Hollywood Goes to War: Hollywood Canteen, This Is the Army & Stage Door Canteen

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My original intention was to have this posted on the Fourth of July (I never call it Independence Day) and have a nice little patriotic theme going. I’m a little late. I intended to have it in the bag and scheduled to go the morning of July 4th, but Netflix sent me a damaged disc last week and that set me back a few days while waiting for a replacement. Plus, schoolwork. Plus, workwork. Plus, I hate myself and can’t do anything right. Well, there’s always next year for the other movies I had intended to review!

So here’s the deal: during World War II, Hollywood and the government rallied together with all kinds of fundraisers and, basically, what amounted to propaganda films in order to work the country up into a patriotic fervor. The idea was to inspire Americans to give the war their fullest support and to encourage them do all they could over here to support the boys over there. I thought it would be fun to watch a bunch of these films in a relatively short time and then talk about them. Whether it’ll be fun for anyone to read is another matter.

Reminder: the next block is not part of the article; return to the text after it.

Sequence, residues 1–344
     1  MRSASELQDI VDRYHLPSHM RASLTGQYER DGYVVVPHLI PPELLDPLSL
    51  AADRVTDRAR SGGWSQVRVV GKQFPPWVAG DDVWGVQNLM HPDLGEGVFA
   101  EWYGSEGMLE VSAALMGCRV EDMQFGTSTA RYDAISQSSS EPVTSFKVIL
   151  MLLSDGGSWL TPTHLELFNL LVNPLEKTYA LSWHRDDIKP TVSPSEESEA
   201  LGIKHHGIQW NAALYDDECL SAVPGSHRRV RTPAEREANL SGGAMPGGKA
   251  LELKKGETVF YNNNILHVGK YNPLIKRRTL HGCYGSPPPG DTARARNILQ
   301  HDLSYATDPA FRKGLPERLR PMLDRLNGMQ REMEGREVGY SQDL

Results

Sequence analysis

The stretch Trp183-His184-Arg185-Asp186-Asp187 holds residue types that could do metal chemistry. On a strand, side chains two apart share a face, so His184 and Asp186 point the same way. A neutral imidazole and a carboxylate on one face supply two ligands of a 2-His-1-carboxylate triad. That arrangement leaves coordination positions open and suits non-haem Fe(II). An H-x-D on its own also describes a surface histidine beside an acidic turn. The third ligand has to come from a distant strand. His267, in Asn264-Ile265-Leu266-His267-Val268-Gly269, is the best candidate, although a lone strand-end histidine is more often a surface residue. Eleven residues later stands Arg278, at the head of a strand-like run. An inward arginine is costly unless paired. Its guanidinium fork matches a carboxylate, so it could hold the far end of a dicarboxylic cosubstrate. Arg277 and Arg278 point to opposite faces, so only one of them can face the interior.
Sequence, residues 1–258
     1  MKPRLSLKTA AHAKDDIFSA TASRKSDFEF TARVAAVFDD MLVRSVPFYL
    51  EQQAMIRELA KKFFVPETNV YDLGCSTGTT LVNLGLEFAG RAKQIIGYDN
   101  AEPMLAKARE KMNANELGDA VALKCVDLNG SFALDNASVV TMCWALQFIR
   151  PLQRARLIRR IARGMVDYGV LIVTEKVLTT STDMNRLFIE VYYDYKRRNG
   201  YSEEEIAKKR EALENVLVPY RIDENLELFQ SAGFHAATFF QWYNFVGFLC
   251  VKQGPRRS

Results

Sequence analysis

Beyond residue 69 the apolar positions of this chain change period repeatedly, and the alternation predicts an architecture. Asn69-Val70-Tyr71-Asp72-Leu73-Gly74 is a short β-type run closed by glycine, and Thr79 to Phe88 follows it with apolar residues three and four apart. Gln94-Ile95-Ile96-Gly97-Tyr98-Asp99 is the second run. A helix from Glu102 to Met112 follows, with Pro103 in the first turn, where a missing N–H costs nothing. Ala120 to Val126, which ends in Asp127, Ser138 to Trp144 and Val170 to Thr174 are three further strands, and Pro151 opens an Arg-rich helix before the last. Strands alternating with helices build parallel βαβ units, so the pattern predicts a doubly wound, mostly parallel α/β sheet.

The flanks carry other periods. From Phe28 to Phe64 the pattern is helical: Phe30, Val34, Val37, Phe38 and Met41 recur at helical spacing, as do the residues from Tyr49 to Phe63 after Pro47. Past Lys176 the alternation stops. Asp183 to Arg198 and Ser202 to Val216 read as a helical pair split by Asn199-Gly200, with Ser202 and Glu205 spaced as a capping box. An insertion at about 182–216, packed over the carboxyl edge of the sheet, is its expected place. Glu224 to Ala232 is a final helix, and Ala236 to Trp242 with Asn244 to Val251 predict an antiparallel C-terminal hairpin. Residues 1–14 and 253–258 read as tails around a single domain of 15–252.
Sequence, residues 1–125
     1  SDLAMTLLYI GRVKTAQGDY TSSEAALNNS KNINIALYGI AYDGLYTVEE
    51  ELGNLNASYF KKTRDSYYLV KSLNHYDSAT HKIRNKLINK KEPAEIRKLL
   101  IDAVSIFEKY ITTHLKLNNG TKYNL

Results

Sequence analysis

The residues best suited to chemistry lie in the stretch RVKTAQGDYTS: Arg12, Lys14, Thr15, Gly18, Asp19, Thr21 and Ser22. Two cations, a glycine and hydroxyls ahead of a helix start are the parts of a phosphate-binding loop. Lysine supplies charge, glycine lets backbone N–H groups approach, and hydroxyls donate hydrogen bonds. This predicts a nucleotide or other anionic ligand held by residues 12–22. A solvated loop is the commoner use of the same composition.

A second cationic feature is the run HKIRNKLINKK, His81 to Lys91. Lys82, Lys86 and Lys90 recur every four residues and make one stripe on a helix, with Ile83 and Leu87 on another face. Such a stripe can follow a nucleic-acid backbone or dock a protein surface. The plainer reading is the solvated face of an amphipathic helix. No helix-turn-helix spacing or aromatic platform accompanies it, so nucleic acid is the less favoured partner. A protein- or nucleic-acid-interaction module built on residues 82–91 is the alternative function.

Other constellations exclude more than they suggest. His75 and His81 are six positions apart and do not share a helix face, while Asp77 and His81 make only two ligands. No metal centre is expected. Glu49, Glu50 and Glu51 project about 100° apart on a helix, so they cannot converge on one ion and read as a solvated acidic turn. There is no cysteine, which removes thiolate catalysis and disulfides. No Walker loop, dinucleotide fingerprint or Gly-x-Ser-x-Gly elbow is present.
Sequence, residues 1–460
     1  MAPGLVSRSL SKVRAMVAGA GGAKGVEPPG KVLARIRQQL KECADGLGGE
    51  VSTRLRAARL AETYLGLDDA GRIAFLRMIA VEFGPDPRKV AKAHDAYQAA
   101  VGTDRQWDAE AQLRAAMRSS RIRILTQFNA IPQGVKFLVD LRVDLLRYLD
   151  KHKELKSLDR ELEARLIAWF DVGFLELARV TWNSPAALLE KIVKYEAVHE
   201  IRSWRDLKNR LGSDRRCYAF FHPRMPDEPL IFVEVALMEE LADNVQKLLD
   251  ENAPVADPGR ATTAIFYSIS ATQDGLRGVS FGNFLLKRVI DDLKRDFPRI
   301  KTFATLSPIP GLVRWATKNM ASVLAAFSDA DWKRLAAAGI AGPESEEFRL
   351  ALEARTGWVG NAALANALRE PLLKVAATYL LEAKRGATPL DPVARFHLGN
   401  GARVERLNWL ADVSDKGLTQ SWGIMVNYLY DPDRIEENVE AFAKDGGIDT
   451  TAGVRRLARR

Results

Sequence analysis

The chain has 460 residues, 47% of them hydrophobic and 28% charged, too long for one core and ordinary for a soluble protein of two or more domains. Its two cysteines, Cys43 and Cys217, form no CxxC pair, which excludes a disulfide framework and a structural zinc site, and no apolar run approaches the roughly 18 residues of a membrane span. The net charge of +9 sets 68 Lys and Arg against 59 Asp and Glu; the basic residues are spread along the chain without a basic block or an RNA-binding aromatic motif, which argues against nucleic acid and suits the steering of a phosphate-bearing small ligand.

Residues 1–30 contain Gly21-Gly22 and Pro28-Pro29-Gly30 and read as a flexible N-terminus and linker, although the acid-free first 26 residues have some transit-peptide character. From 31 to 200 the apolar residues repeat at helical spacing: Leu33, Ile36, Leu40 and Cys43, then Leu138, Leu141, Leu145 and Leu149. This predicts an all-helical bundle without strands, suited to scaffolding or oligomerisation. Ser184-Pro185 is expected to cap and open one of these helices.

Oh, and be sure to check out what I had to say about another patriotic WWII-era film– Star Spangled Rhythm! Now, here we go…

61jd6LUCHDLHollywood Canteen
1944, Warner Bros. Pictures
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The Hollywood Canteen was a real place located in (duh) Hollywood, California. It opened in October 3, 1942 and closed November 22, 1945. It catered exclusively to servicemen and featured dancing, food and entertainment. On any given night, you could find members of Hollywood performing, cooking, cleaning, serving food or simply chatting with the servicemen. Actors Bette Davis and John Garfield are considered the driving forces behind the Hollywood Canteen. Basically, any notable musician or actor volunteered his or her time at the Canteen.

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King Kong Escapes [Blu-ray Review]

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King Kong Escapes [Blu-ray]
2014, Universal Home Studios Entertainment
Original Release: 1968, Universal Pictures/Toho Co., Ltd.